Anyone looking for a 4K/UHD screen of this size from 144 Hz will only find IPS panels. There are already more than 20 screen models with these characteristics in the price comparison, but only a few different panels. Several 28-inch models make the price entry and cost around 500 to 600 euros depending on model and equipment. The main difference to screens almost twice as expensive as the Inzone M9 is the 8-bit color depth and the lack of HDR (or only HDR 400, which is not HDR).
In short: If you primarily play games and do not make any (HDR) demands, the 28 models have a significantly better price-performance ratio. If you see yourself as a color sommelier and make higher demands on the screen, you will have to dig disproportionately deeper in your pocket. Would you like to drink a well-mixed whiskey cola or would you prefer to go to a whiskey tasting? Hope you understand my point.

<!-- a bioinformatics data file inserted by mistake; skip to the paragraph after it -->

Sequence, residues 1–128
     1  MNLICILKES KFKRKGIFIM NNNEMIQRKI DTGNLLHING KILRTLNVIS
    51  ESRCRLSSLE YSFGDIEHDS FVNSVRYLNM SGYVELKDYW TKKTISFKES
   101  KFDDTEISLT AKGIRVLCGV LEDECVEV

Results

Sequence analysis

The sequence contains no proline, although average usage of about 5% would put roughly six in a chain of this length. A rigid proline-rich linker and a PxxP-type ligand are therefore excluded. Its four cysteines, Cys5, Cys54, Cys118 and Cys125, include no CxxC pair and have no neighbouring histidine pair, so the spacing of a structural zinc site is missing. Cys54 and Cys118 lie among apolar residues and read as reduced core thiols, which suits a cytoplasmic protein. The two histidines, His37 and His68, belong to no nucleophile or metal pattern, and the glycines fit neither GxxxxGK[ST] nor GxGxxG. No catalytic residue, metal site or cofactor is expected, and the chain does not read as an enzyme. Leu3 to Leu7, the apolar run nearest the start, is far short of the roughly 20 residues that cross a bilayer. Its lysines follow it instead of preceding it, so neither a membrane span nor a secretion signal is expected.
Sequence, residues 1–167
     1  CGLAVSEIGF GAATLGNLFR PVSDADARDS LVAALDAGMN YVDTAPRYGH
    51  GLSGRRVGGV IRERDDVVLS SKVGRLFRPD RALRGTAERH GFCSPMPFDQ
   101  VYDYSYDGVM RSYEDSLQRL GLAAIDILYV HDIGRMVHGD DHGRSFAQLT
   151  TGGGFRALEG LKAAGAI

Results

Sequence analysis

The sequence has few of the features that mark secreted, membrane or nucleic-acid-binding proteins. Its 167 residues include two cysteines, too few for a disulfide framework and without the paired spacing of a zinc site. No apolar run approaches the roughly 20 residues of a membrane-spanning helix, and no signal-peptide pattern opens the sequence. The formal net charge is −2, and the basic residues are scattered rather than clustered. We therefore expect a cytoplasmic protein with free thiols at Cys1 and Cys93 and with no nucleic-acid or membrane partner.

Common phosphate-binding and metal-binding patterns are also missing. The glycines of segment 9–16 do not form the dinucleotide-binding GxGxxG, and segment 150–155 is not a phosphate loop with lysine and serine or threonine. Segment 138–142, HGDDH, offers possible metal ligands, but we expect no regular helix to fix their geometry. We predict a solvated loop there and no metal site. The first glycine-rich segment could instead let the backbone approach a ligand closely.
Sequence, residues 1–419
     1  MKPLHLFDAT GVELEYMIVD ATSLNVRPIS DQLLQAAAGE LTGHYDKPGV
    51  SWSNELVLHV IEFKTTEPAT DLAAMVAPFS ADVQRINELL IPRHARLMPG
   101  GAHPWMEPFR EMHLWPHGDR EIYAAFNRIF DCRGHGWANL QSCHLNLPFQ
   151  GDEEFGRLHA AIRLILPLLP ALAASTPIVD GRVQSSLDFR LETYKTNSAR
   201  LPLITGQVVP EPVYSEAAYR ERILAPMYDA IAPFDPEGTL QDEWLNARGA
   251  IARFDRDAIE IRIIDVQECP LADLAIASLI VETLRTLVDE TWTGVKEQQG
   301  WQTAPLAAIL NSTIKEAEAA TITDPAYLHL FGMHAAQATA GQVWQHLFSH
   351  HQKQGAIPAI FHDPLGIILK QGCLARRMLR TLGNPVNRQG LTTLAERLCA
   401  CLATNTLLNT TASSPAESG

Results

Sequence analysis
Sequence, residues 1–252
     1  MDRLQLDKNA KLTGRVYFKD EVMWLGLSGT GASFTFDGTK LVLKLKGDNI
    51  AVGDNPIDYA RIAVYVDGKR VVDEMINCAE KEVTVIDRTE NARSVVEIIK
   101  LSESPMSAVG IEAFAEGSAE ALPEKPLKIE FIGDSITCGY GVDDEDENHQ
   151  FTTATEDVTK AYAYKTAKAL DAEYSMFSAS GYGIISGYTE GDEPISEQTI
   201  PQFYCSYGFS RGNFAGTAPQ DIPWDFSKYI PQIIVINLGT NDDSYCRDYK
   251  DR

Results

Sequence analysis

The Sony monitor’s 10-bit color depth results in a correspondingly high coverage of color space, which also meets the professional requirements needed for video or image processing. For the gamer himself, these good color properties are almost “too much of a good thing”, since the sRGB color space is absorbed by a large margin. He has no more in SDR gaming, just as little from the good color fidelity. In our measurements, the monitor fulfills all IPS clichés – the positive as well as the negative. It has strong viewing angles and colors, is quick to respond (more on that later), but also only has a mediocre (SDR) contrast that only comes close to 1,000:1. With over 400 cd/m², it is more than sufficiently bright and can also be easily dimmed down to dark rooms.